Night Journey is an album of new music for shakuhachi and cello, performed by Adrian Freedman and Matthew Barley. The beautiful sonorous tones of the shakuhachi and cello complement each other perfectly in a lyrically improvised flow.
Matthew Barley is a world-renowned cellist, who has performed in over 50 countries, including concertos with the BBC Philharmonic, Vienna Radio Symphony, Czech Philharmonic and the Metropole Jazz Orchestra. Matthew has collaborated with Matthias Goerne, the Labèque Sisters, Amjad Ali Khan, Talvin Singh, Nitin Sawhney and Jon Lord, appearing in venues ranging from Ronnie Scott’s and the WOMAD festivals to Vienna’s Konzerthaus and Zürich’s Tonhalle.
Adrian and Matthew have played together several times over the years, leading to the creation of a new album Night Journey – Odes for Shakuhachi and Cello, which will be released in 2018.
“This album came into being gradually over a period of more than 10 years. Matthew and I first met and played together informally in 2006. There was an immediate rapport, and a sense of synergy between us and our instruments. The rich tonal colours of the shakuhachi and cello seemed to compliment each other perfectly, and I sensed an almost telepathic connection with Matthew in the spontaneous melodies arising from our free improvisation.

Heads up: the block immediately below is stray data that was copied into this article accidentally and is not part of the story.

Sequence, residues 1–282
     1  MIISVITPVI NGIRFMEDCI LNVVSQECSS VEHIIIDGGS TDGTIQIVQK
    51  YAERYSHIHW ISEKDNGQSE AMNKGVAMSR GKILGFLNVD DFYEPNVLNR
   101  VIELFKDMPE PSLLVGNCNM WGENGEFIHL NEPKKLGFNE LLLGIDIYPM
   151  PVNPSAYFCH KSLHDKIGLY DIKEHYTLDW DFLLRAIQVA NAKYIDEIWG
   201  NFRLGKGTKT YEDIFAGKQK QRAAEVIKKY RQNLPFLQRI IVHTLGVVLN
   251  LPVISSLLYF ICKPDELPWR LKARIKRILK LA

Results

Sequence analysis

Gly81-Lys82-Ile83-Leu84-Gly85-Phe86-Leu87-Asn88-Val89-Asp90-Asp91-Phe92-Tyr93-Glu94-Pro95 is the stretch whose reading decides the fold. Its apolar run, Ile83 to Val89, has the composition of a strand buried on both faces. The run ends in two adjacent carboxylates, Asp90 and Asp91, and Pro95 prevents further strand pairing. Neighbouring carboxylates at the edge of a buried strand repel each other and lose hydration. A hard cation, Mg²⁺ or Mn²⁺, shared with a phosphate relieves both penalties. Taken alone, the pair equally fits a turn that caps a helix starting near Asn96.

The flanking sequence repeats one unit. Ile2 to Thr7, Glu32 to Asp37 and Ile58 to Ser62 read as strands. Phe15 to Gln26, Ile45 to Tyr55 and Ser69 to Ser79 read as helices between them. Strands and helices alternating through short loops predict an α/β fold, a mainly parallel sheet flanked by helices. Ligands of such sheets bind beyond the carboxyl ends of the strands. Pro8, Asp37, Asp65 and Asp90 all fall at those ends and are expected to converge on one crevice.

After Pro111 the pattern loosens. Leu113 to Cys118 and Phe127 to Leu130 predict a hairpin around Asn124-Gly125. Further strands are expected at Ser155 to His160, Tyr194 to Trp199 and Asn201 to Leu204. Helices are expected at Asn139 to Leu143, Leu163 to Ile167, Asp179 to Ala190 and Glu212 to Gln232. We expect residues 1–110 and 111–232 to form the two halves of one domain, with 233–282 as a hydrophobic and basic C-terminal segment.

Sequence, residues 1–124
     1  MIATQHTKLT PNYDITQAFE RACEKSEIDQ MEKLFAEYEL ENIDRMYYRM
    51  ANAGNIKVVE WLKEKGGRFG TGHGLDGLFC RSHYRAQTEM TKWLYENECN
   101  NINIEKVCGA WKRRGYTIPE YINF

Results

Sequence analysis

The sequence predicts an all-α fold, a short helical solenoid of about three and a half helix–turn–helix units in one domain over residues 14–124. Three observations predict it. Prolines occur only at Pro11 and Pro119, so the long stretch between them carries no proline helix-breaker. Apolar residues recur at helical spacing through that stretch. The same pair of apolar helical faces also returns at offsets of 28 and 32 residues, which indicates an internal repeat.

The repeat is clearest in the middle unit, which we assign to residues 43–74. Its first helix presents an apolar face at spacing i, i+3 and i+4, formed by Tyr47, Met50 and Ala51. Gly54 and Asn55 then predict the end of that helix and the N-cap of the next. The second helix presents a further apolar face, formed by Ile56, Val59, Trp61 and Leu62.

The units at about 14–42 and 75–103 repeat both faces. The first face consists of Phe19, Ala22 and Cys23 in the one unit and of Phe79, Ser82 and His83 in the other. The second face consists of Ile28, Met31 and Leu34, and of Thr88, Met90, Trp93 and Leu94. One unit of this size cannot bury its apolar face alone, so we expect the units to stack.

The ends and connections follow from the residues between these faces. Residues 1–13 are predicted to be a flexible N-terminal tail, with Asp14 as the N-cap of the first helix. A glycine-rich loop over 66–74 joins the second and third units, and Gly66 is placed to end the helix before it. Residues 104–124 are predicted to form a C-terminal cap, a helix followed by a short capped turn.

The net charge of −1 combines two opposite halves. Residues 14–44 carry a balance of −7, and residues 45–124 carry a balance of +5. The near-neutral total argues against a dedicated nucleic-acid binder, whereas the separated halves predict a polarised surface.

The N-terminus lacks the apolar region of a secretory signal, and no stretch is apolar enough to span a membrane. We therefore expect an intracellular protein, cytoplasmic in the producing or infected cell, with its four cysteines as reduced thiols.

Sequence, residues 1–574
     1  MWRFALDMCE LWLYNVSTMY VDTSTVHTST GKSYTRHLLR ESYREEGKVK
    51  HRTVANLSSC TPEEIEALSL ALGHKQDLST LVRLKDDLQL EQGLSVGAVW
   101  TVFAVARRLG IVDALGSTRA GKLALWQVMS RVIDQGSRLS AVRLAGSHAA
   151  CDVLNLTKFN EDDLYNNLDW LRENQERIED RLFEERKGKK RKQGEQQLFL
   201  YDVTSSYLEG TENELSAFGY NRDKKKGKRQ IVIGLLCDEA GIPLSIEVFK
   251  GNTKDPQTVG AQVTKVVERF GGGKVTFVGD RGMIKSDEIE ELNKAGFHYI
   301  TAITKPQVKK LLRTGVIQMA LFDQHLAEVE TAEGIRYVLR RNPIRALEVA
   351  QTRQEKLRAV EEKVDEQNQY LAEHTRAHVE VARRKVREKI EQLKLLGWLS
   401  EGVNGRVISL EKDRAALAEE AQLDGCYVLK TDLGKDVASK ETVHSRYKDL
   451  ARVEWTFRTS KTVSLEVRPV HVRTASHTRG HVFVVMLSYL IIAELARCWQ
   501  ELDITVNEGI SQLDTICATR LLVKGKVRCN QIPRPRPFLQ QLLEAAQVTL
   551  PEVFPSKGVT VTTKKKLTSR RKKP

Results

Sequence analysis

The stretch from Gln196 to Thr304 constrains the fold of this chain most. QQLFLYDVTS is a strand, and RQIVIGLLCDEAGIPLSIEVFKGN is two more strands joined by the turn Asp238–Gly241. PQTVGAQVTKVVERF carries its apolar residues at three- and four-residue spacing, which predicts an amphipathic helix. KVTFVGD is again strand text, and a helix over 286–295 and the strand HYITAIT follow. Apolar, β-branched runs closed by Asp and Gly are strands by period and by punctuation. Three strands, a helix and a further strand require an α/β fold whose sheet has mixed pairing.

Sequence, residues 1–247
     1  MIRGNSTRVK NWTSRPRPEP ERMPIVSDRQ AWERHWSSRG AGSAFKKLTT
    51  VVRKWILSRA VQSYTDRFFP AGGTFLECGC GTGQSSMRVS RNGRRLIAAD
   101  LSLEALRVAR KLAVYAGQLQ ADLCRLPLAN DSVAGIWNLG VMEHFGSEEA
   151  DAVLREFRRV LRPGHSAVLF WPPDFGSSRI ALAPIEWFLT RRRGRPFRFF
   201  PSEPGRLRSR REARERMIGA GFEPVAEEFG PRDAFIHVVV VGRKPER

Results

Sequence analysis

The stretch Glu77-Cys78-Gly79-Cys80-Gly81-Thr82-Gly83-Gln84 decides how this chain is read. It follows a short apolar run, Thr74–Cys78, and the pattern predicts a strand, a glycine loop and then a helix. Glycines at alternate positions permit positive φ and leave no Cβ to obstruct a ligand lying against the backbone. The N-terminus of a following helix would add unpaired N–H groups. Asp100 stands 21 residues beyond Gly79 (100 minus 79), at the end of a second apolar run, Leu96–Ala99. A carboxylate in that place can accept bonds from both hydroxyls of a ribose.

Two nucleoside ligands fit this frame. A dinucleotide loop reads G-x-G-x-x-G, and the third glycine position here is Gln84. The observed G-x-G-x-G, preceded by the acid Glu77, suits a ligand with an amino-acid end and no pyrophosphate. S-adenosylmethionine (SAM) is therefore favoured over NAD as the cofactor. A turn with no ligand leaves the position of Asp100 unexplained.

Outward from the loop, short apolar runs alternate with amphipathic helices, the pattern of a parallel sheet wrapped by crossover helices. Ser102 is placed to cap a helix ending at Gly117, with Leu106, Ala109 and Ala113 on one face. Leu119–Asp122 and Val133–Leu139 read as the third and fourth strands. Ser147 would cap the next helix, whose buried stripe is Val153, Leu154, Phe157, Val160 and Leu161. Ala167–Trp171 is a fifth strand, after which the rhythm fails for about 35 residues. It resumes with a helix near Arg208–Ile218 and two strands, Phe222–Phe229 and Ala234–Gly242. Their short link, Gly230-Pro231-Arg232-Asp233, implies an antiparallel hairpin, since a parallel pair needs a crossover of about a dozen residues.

Three years later in 2009 we gave a recital of improvised music at Kings Place Hall in London, together with the tabla player Sanju Sahai and the Hang player Ravid Goldschmidt. After that we had to wait another three years for the next chance to play together, again a concert of improvised music at Kings Place Hall, this time a simple duo for shakuhachi and cello. We then set the intention to record an album together.
Two years later, one moonlit Autumn evening in Devon, we hired a small church with a beautiful acoustic, set up recording and settled in for the night. Then we played music from dusk to dawn in an uninterrupted inspired flow. We came away from that session with seven hours of recorded material. It was another two years before these raw recordings were finally crafted into these six pieces.“
This night was one of the improvising highlights of my life. I was amazed by how many colours we found in common between the shakuhachi and the cello – moments where you cannot tell the two instruments apart. Adrian is an extraordinary musician and his abilities were then brought to bear on the project as he took all those hours of recordings and carefully, artistically, turned them into these pieces – a labour of musical love requiring many hours and days and technical knowhow. Much gratitude and respect, brother.